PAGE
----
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  • Writer's pictureCarolyn Boutin

Signs your child is struggling academically

As a tutor, I am often looking for discrete signals that a child is struggling (more than they are telling you). Sometimes children carry a lot of shame about their progress and instead of reaching out for help they put time and effort into hiding what is going on inside.

One of the things that I will notice first is that I haven’t seen any marks in a while. Most teachers either mark daily or in huge chunks. So, if I haven’t seen any marks in a while and my student tells me, “Oh Mr. So-and-So never hands anything back,” I know to reach out to the teacher and confirm in a non-judgmental way. Almost every time, the teacher had been consistently handing back work that ended up in the garbage or stuffed into a binder.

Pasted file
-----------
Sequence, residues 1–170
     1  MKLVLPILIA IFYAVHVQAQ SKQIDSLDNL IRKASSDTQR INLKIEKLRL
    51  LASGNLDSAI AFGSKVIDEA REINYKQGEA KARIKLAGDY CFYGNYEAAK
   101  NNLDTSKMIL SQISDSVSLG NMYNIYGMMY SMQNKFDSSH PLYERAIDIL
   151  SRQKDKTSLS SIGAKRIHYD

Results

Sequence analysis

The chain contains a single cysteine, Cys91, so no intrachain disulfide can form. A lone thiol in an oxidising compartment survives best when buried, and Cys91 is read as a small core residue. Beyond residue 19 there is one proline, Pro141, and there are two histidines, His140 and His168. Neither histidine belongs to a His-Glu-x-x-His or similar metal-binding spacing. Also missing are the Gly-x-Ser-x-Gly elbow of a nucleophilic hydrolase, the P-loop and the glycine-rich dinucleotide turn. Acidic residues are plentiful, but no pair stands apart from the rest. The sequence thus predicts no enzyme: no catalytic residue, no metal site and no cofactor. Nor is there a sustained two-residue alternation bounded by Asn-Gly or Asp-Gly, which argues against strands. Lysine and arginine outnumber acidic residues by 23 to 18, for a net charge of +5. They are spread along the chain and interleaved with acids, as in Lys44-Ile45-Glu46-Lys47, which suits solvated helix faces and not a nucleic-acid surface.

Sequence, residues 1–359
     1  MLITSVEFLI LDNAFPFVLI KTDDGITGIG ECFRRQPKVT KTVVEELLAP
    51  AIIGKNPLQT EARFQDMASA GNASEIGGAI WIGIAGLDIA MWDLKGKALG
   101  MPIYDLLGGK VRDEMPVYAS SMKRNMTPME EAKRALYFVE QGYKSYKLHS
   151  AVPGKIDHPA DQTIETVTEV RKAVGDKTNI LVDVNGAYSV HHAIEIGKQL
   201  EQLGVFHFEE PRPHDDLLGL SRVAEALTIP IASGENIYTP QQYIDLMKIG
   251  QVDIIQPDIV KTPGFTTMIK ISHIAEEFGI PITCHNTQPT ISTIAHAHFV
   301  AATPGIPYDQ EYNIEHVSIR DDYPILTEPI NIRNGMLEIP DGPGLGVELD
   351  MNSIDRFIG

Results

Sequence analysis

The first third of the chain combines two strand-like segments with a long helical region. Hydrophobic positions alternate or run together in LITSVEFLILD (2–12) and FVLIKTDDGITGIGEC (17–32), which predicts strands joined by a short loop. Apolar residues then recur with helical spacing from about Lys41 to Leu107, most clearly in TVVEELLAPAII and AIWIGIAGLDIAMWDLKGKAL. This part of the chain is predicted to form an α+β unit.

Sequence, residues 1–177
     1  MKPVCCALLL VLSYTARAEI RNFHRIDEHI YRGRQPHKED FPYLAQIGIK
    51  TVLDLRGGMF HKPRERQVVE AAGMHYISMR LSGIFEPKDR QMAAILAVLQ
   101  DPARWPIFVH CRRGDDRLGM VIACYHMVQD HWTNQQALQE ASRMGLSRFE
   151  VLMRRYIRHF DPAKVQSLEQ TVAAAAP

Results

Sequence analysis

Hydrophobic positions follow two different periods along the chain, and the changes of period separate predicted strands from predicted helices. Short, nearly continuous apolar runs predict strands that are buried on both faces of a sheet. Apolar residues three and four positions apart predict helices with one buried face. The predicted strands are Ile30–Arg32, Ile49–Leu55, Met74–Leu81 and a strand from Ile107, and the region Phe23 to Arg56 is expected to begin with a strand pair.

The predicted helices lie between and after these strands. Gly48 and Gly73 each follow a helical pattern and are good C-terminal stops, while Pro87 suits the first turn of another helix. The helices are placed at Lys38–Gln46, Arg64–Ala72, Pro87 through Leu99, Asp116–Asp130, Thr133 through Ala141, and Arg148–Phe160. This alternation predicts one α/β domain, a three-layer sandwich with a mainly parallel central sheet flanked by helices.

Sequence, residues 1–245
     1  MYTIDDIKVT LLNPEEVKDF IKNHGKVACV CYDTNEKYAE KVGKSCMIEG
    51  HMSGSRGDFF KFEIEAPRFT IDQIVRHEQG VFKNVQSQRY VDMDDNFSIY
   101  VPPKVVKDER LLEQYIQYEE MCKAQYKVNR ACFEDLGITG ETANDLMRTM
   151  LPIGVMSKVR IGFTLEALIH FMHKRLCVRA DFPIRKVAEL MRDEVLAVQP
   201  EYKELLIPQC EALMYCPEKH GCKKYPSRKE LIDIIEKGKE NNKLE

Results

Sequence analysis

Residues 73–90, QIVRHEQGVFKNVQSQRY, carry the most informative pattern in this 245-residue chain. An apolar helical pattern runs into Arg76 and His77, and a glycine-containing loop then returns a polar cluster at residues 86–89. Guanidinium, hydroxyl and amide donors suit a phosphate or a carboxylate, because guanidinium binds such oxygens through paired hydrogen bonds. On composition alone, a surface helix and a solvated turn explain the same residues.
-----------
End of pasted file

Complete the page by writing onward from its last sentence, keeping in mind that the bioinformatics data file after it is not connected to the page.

Another checklist is that the student is having trouble starting assignments.

This is a sign that they’ve lost confidence and feel overwhelmed. A great way to help with this is to have them write or type the name and date on the top of the pages. Just this small step can help them begin.

If your child has stopped talking about their day and seems frustrated and angry when pushed for details, this is a huge red flag. Make sure that you ask the “right” questions that will open your child up to answer more. “What was the hardest part of your day?”; “What was the best part of recess?”; “Who did you help today?” These questions aren’t about their academic progress or what they’ve accomplished so they help with them talking to you without feeling pressure.

Below is a link to mental health resources if you think your child is showing signs of depression or clinical anxiety.

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